How to Prevent or Disable Auto Fill in Table Formulas

Bottom Line: Learn how to prevent Table formulas from filling down automatically with a quick keyboard shortcut, plus how to toggle the autofill formula settings.

Skill Level: Beginner

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If you'd like a copy of the file I use in the video, you can download it here.

Prevent Table Formulas From Filling Down.xlsx (19.3 KB)

Preventing Autofill on Tables

When working with Excel Tables, columns will automatically fill down when you create a new formula in a column next to the table. This is called a Calculated Column.

Before - type a formula in the column next to the table
AFTER - formula is copied down entire table

Let's look at the different ways to stop or prevent the auto fill.

What Happens When a Calculated Column is Created?

When we input a formula in or next to a Table, Excel takes a series of actions to create the calculated column.

If the formula is to the right of the Table, Excel will:

  1. Expand the Table with AutoExpansion.
  2. Fill the formula down to all the cells in the column.

These actions can be seen in the Undo History drop-down.

Undo History Shows Calculated Column Steps for Excel Table

Undo the Auto Fill

The easiest and fastest way to undo the autofill is by using the keyboard shortcut Ctrl + Z. This always undoes the last action taken, which in this case was the automatic filling of the columns with the same formula that was used for the original cell.

Ctrl + z to undo autofill

You can also use the Undo button in the Quick Access Toolbar to accomplish the same thing.

The little drop-down arrow next to the Undo button opens a menu that shows you the last few actions Excel took. In this image, you can see that the last action Excel took was to fill the cells in the column with the formula. So hitting the Undo button (or typing Ctrl + Z) once will undo that fill action.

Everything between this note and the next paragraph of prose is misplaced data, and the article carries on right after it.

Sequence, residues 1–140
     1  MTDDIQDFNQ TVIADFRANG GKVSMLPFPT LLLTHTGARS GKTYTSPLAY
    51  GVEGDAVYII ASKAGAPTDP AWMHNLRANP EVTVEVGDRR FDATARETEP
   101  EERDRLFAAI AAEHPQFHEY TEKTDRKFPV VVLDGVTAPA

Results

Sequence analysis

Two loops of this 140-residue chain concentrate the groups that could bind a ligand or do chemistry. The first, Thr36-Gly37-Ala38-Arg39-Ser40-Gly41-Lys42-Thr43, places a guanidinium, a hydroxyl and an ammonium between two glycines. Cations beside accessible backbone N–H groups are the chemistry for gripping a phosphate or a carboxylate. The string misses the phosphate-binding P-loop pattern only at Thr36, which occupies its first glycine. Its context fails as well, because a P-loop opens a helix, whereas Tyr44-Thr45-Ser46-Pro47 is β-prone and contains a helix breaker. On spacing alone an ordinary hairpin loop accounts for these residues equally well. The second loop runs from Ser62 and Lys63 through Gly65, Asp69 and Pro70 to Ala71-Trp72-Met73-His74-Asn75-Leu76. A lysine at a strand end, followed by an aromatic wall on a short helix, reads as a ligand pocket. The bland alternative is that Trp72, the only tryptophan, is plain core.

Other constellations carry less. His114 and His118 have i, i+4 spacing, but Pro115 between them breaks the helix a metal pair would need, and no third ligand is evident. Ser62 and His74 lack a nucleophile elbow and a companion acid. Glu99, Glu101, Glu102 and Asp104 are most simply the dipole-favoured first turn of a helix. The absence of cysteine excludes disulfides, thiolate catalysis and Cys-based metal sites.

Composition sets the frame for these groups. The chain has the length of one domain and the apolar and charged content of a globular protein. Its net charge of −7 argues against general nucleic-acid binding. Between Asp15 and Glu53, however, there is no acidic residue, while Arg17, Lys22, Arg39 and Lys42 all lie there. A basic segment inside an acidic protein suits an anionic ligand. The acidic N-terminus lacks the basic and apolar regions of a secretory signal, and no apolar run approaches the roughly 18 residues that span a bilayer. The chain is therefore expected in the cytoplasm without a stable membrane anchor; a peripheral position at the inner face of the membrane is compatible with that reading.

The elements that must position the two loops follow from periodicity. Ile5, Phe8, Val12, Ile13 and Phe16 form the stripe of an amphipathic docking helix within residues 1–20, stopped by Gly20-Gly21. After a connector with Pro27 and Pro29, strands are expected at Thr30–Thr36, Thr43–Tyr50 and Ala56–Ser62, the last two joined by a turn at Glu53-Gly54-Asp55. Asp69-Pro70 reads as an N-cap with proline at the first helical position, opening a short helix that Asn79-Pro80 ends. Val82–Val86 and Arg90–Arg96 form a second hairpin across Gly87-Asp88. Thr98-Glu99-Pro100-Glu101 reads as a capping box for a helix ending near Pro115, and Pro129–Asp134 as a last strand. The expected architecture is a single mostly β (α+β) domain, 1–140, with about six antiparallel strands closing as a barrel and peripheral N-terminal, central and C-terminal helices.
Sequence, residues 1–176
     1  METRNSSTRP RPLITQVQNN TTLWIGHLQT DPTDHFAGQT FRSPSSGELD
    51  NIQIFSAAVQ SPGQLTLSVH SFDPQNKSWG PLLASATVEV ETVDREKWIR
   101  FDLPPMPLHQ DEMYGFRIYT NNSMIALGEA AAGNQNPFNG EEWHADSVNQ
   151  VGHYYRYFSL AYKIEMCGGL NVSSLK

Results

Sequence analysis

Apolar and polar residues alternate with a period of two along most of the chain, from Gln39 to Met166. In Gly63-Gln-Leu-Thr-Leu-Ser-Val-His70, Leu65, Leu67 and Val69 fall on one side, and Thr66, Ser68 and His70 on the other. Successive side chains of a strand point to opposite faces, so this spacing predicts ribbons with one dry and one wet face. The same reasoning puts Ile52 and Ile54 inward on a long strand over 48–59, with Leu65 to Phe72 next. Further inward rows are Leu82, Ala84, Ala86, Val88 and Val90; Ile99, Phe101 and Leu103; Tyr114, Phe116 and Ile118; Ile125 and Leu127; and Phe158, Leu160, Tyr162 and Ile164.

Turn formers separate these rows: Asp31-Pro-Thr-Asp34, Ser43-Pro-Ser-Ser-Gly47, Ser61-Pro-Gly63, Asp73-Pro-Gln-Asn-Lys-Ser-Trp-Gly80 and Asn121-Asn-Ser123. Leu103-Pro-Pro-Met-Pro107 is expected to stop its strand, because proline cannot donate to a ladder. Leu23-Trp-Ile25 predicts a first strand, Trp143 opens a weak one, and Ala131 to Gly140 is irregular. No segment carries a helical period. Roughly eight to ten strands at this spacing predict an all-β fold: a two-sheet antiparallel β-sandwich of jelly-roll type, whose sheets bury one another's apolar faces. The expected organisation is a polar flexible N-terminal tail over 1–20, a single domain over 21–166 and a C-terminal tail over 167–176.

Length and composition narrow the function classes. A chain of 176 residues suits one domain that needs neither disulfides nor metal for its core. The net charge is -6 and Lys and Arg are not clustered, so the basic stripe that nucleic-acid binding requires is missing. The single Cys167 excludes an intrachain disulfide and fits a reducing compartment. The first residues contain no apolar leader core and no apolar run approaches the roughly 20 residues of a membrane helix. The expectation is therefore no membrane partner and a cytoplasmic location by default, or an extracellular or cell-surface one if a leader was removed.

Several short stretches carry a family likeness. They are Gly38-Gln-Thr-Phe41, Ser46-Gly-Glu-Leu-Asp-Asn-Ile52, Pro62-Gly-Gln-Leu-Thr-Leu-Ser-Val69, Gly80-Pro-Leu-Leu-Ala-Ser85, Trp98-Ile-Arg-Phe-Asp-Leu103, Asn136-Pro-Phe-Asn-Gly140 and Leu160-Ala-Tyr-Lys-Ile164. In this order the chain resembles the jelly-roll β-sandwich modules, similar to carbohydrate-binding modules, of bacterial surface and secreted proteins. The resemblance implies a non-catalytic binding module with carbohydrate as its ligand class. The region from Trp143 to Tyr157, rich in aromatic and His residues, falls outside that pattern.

Undo dropdown menu

Auto Fill Becomes Temporarily Disabled for the Column

After you undo the auto fill in the column, auto fill becomes disabled for that column. When you input another formula in the column it will NOT fill down.

However, you will see an option in the AutoCorrect Options menu to Overwrite all cells in this column with this formula. This will replace any formulas in the column with the formula you just entered. It essentially does the Fill step again.

Excel Table Overwrite all cells in this column with the formula AutoCorrect Options

You can also bring the auto fill behavior back by clearing/deleting all cells in the column and typing a new formula.

AutoCorrection Options Menu

Another option for undoing the fill is by using the AutoCorrect Options Menu. The button appears to the right of the cell after you enter a formula in the Table column.

AutoCorrect Options Menu for Calculated Columns in Excel Tables

There are three options on this menu.

1. Undo Calculated Column

Undo Calculated Column accomplishes the same thing we've seen above with Ctrl+Z or Undo.

Undo Calculated Column in AutoCorrection options Menu

2. Stop Automatically Creating Calculated Columns

Stop Automatically Creating Calculated Columns does exactly what it says, but it's an application-level setting. That means it will stop doing this for all tables on all sheets in all files, going forward.